It is unsurprising that Brexit continues to be an
software companies) or because they are important consideration for UK FinTechs, and this will
in the process of seeking authorisation. impact their plans for international expansion.
For FinTechs wanting to test their products Note: we offered 11 possible options of which we have presented the top
five. Respondents were able to select multiple options. This is representative
without having to secure full authorisation, of 175 responses.

the FCA’s regulatory sandbox has


provided a safe space, and more than 375
applications have been received since the
programme was announced in 2016.3 Of
these 375 applications, 128 were accepted
to participate in training.
FinTechs are also very aware of the current uncertainties
they face as they continue to grow. There are a number of
considerations to be aware of, but ensuring sufficient capital
and liquidity had the highest response (44%), with navigating
Brexit uncertainty just behind (42%).

UK FinTechs are planning to expand internationally, with


continental Europe and Asia seen as the two most important
regions. Continental Europe has remained the most important
destination since the 2017 Census, although Asia has now
overtaken North America.

3  “Regulatory sandbox,” FCA website, https://www.fca.org.uk/firms/regulatory-sandbox,


accessed 6 August 2019.

16 |  UK FinTech Census 2019


Figures 16 and 17: International growth and expansion
Appeal of FinTech Bridges
North America is the most common location in which to
FinTech Bridges, where bespoke bilateral agreements
have operations, with 41% of firms operating there. Asia is
are outlined by both UK and international policymakers,
close behind at 39%.
have provided great access to overseas markets and
Note: the question did not distinguish between the UK and Europe, which
results in a very high response rate due to all firms operating in the UK. We have have shown that governments are connected on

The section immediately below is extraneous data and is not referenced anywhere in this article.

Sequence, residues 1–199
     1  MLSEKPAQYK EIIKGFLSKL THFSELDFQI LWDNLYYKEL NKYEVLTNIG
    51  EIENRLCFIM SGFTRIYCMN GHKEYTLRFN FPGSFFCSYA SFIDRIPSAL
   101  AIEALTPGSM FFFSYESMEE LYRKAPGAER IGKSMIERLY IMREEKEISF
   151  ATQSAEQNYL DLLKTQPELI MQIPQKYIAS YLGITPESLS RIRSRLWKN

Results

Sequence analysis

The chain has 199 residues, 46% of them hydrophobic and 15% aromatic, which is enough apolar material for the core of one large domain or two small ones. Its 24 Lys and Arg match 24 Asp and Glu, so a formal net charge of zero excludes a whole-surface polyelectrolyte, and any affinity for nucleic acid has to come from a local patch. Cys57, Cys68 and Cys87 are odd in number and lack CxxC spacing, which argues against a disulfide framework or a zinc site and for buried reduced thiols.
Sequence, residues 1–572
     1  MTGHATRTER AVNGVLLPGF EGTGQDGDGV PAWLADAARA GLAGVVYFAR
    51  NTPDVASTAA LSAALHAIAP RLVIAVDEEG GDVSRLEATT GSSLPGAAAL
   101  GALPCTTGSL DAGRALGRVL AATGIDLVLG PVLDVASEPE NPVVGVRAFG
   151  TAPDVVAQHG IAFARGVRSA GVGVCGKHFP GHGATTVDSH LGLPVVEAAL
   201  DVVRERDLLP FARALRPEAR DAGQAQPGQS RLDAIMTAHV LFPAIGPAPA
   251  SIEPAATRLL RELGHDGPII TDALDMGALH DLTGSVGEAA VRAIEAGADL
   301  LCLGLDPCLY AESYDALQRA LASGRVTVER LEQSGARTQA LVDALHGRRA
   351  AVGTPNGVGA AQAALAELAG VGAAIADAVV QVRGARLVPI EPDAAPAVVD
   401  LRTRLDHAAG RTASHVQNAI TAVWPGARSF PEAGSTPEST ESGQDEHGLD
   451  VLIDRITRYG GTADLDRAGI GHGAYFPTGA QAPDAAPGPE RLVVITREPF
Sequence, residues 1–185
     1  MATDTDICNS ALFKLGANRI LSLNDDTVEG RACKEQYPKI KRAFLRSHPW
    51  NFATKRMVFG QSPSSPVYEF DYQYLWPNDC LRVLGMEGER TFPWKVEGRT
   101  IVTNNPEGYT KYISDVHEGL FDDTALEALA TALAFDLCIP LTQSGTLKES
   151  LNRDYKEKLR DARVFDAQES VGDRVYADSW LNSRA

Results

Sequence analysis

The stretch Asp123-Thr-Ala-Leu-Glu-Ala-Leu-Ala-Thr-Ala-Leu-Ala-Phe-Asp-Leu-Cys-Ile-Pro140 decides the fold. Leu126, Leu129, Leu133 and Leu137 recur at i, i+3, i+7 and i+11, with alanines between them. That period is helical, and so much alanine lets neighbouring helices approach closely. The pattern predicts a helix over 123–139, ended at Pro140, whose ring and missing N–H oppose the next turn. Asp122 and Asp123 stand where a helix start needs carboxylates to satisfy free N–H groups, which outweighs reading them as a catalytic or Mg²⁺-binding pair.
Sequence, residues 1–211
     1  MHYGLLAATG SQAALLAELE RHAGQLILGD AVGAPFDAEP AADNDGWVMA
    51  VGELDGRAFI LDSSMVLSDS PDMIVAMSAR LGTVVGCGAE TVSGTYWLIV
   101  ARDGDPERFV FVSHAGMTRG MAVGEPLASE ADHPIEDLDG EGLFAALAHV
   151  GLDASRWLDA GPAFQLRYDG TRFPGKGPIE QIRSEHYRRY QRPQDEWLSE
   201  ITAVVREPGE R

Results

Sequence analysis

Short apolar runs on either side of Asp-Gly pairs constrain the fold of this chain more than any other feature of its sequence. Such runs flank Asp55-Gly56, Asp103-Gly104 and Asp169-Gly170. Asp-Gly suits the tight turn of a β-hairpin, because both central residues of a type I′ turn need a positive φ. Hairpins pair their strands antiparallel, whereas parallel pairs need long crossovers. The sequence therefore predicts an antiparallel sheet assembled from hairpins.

presented the regions outside of Europe. FinTech priorities. To ensure that these bridges remain
relevant going forward, it is important to note the key
Current operations outside of the UK and Europe
priorities for FinTechs:
50%
39% 41% • Access to new customers (52%)
40%
30% 27% • International expansion support (18%)
20% 16% 17%
14% • Access to new investment (14%)
10%
50% Note: respondents were asked to rank six options from one–five. We have
39% 41%
0%
40% analysed the top-ranked response.
Africa Asia Australasia Middle North South
30% 27% East America America
20% 16% 17%
14%
The
10% UK FinTech market still considers Europe as the most
important
0% region for future expansion (56%), despite
Africa Asia Australasia Middle North South
Brexit uncertainty. East America America
60% respondents were asked to rank the importance of regions for future
Note:
expansion. The chart56%
shows the region ranked as the most important
by respondents.
40%
20%
15%
Importance
20% of the region for future expansion
4% 2% 2% 1%
0%
60%
56%
Europe Asia North America Australasia
40%
20%
20% Africa South15%
America Middle East
4% 2% 2% 1%
0%
Europe Asia North America Australasia

Africa South America Middle East

UK FinTech Census 2019  | 17


Gender diversity
The gender split of the UK FinTech
The gender split amongst founders demonstrates
employee base is 70.5% male and 29.5% that only a few women are setting up FinTech
female. This is consistent with the 2017 companies. There is still a way to go to increase
results that showed an employee mix of female representation across the sector.

71% male and 29% female. Government • Twenty-five percent reported at least one female
co-founder
and industry have pushed towards greater
• Ten percent reported an equal split amongst male
diversity in both employee and executive
and female co-founders
bases; however, these results demonstrate
• Two percent reported female-only founder or
that continued momentum is required. co-founders
The 2019 Census also showed that 25%
of FinTechs have at least one female
Figure 18: Gender diversity
co-founder.